Table 1 Genome-scale experimental methods to probe protein–DNA interactions

Adapted from [85].

ChIP-chip and ChIP-seqThe DNA-binding protein is tagged with an epitope and is expressed in a cell. The bound protein is covalently linked to DNA using an in vivo cross-linking agent such as formaldehyde. After cross-linking, DNA is sheared and the protein–DNA complex is pulled down using a tag-specific antibody. Reversal of the cross-link releases the bound DNA, allowing the sequence of the fragments to be determined by hybridization to a microarray (ChIP-chip) or by sequencing (ChIP-seq).
In ChIP-chip experiments, intergenic regions are spotted on to a microarray chip. Following the ChIP step, the cross-links are reversed and the bound DNA is hybridized on to the chip. Complementary sequences will bind to specific spots on the chip, thereby providing an indication of the intergenic region to which the protein was bound [10,11,242].
In ChIP-seq experiments, the bound fragments are sequenced directly using 454/Solexa/Illumina sequencing technology. The sequences are then computationally mapped back to the genome sequence. Fragments that were bound by the protein will be sequenced several times providing a direct measure of enrichment of binding [243245].
DamID [(Dam (DNA adenine methyltransferase) identification]To overcome any potential non-specific cross-linking of protein to DNA as could happen with ChIP-chip experiments, the DamID technique was introduced. The protein of interest is fused to an E. coli protein, Dam. Dam methylates the N6 position of the adenine in the sequence GATC, which occurs at reasonably high frequency in any genome (~1 site in 256 bases). Upon binding DNA, the Dam protein preferentially methylates adenine in the vicinity of binding. Subsequently, the genomic DNA is digested by the DpnI and DpnII restriction enzymes that cleave within the non-methylated GATC sequence, and remove fragments that are not methylated. The remaining methylated fragments are amplified by selective PCR and quantified using a microarray [246].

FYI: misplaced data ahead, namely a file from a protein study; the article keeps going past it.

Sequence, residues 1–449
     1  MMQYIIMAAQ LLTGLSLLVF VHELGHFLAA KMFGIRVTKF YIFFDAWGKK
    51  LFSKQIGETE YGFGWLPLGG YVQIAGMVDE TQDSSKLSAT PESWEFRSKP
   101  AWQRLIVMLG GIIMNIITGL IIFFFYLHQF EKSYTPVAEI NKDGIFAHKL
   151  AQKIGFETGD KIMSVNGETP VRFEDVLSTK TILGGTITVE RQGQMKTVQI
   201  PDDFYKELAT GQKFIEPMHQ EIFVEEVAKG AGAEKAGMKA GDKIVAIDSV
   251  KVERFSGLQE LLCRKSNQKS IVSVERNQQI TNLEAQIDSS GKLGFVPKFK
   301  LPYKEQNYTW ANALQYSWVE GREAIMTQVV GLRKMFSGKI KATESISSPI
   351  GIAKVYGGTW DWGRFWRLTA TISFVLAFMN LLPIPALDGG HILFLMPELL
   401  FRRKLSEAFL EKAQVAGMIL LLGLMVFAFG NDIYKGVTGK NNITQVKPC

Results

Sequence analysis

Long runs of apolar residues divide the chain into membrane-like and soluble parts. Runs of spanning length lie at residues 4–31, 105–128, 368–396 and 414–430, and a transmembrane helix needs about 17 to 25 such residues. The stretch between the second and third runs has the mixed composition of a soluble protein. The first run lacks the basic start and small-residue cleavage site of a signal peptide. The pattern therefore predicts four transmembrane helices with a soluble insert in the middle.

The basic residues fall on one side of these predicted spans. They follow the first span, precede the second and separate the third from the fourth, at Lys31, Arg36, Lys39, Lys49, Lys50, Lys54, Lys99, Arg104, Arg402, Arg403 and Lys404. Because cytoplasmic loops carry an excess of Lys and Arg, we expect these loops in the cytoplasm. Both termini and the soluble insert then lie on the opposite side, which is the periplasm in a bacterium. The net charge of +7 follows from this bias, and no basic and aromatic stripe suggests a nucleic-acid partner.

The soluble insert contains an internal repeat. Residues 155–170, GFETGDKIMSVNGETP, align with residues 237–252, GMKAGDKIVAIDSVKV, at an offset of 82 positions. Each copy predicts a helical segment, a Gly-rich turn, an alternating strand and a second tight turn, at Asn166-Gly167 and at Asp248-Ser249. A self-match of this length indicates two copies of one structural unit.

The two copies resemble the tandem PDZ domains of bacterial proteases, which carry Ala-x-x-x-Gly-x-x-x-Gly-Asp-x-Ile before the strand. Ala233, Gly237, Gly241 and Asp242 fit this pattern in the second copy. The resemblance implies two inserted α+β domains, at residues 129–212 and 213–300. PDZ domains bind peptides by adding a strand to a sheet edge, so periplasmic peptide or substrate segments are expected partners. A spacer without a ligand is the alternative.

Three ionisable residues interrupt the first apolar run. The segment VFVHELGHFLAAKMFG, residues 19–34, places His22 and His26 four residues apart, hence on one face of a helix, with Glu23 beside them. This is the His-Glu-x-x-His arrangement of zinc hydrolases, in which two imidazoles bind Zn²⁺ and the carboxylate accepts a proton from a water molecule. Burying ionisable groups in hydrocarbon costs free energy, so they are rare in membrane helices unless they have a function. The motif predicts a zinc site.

PBMs (protein-binding universal DNA microarrays)In contrast with the methods described above, this is an in vitro method to probe protein–DNA interactions. A DNA-binding protein of interest is epitope-tagged, purified and bound directly to a double-stranded DNA microarray spotted with a large number of potential binding sites. Labelling with fluorophore-conjugated antibody for the tag allows detection of binding sites from the significantly bound spots [247].